The first commercially successful documentary was a 1922 visual ethnography of Inuit life: 'Nanook Of The North'. It was filmed by Robert Flaherty, who was a prospector turned filmmaker and by no means an academic ethnographer. In the film, elements of 1922 Inuit life that were westernized (such as the use of firearms for hunting) were repressed, and replaced by elements which the filmmaker deemed more truly part of Inuit culture.
Such an ethnological approach was quite common in the early days of ethnography: it is usually referred to as 'salvage anthropology'. The purpose of the approach was "to salvage a record of what was left of a culture before it disappeared".
The approach was bound up with a functionalist view of society, which sees all elements which comprise a given culture as acting towards maintaining that society's structure. Not only the disjointed nature of cultures, their fissures of meaning and their incongruities, interruptions, and breaks were either carefully kept out of the picture or given a purely negative meaning. More importantly, the entire dimension of Time was often ignored or even repressed in documenting these societies, presenting them as static and unchanging. Changes in a non-western society as an effect of contact with western cultures was seen as threatening to the social and cultural life of those societies.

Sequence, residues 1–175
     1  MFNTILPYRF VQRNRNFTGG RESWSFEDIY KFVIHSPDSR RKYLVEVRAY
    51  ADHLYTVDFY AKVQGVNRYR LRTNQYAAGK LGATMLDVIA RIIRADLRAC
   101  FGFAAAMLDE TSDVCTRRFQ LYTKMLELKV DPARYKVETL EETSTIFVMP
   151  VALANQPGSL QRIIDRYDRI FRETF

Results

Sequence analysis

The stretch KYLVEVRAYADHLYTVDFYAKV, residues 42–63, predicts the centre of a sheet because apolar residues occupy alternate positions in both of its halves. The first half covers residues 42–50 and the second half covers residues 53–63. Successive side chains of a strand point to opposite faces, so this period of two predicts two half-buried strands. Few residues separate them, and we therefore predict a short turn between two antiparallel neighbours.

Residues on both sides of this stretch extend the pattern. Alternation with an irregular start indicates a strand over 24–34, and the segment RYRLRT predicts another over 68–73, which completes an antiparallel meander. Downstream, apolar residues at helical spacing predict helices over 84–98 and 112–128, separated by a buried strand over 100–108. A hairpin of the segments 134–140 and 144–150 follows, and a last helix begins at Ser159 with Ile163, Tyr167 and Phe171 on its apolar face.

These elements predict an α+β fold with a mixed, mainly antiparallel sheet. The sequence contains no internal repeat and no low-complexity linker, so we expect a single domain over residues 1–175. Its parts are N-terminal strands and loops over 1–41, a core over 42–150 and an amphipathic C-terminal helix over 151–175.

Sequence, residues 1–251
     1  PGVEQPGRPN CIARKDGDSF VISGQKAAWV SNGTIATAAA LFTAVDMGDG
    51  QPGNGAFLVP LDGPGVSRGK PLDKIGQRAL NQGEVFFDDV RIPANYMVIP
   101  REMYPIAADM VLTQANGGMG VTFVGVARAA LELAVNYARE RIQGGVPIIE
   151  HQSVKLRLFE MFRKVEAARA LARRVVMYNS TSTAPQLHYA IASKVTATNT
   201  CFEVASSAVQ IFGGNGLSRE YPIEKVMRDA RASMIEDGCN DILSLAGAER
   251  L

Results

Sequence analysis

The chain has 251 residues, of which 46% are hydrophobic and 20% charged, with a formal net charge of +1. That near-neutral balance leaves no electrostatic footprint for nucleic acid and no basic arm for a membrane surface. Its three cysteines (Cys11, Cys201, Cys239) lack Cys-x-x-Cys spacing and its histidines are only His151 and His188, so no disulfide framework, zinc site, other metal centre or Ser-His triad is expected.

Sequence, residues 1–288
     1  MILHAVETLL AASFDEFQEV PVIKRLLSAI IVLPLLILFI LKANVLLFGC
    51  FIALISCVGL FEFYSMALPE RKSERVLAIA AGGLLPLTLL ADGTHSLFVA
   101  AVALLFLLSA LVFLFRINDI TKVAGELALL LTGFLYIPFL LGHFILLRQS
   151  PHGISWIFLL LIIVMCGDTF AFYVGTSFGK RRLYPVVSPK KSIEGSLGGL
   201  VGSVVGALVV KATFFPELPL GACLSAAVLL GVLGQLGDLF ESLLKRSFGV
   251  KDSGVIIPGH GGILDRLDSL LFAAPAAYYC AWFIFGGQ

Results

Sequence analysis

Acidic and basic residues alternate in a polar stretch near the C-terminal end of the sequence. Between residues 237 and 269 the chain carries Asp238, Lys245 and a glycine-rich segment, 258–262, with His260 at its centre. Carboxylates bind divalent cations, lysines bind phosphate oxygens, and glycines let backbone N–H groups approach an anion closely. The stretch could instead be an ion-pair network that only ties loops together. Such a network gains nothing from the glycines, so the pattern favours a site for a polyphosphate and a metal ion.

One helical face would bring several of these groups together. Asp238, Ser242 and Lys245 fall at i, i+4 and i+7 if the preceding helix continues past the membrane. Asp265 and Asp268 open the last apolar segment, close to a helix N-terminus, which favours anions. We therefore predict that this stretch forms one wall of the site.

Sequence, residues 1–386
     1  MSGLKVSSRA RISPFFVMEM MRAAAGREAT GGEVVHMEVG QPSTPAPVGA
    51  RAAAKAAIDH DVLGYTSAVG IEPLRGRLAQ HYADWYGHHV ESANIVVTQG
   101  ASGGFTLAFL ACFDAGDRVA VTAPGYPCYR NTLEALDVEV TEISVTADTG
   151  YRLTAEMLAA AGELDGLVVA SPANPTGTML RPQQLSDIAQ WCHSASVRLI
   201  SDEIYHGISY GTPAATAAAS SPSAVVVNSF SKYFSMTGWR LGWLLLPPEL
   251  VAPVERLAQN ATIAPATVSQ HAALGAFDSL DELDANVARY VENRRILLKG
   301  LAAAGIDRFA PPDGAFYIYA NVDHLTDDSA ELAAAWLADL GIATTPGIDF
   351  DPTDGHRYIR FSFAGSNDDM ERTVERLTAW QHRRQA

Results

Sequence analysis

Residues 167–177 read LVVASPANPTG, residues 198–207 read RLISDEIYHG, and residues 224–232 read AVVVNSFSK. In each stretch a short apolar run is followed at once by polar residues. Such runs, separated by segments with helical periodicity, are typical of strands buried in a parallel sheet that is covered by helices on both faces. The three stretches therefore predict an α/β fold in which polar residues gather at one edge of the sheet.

That societies in which elements of western and other cultures intermingled might be relevant to study ethnographically, was an insight which became prevalent only after the breakdown of colonialism. Nevertheless, the first interest in 'creole cultures' already arose during the interbellum. French ethnographer's Marcel Griaule's entry "Gunshot" in the surrealist review 'Documents' is a scathing analysis of "salvage anthropology":
"The height of absurdity is reached when the other party refuses the African the right to “make art” with a European motif, claiming first that is European —a somewhat amusingly self-castrating remark— and, secondly, that it looks “modern.” One could say that a gun is not a decorative motif. Fine, but such is not the view of the servicemen who outfit trophy rooms (...) And if it took a mere rifle to spoil a work of art, how many paintings and sculptures would one have to destroy? This would not, of course, be tragic, but what an effort!
Furthermore, if a black cannot without debasing himself use an exotic element, namely a European one familiar to him, what is one to make of our blind borrowings, from an exotic world one of colour about which we must in self-defense declare we know nothing. (...) Boring though it may be to repeat it, ethnography is interested in both beauty and ugliness, in the European sense of these absurd words. It is, however, inclined to be suspicious of the beautiful —a rare, and, consequently, a freakish event within a civilization. It is also self-doubting (because it is a white science, and therefore tainted with prejudice) and will not deny an object aesthetic value because it is either ordinary or mass-produced. (...) An informed contradictor might say that I am confusing ethnography with folklore. What of it! I call folklore the ethnography of pretentious peoples, of those colourless peoples whose habitat lies north of a sea of low tides and weak storms, the Mediterranean, the ethnography of those who fear both words and things, and who refuse to be called natives".
Nonetheless, I highly recommend 'Nanook Of The North'! The film itself becomes so much more interesting if one realizes it itself is a creole product - and a very melancholic one at that.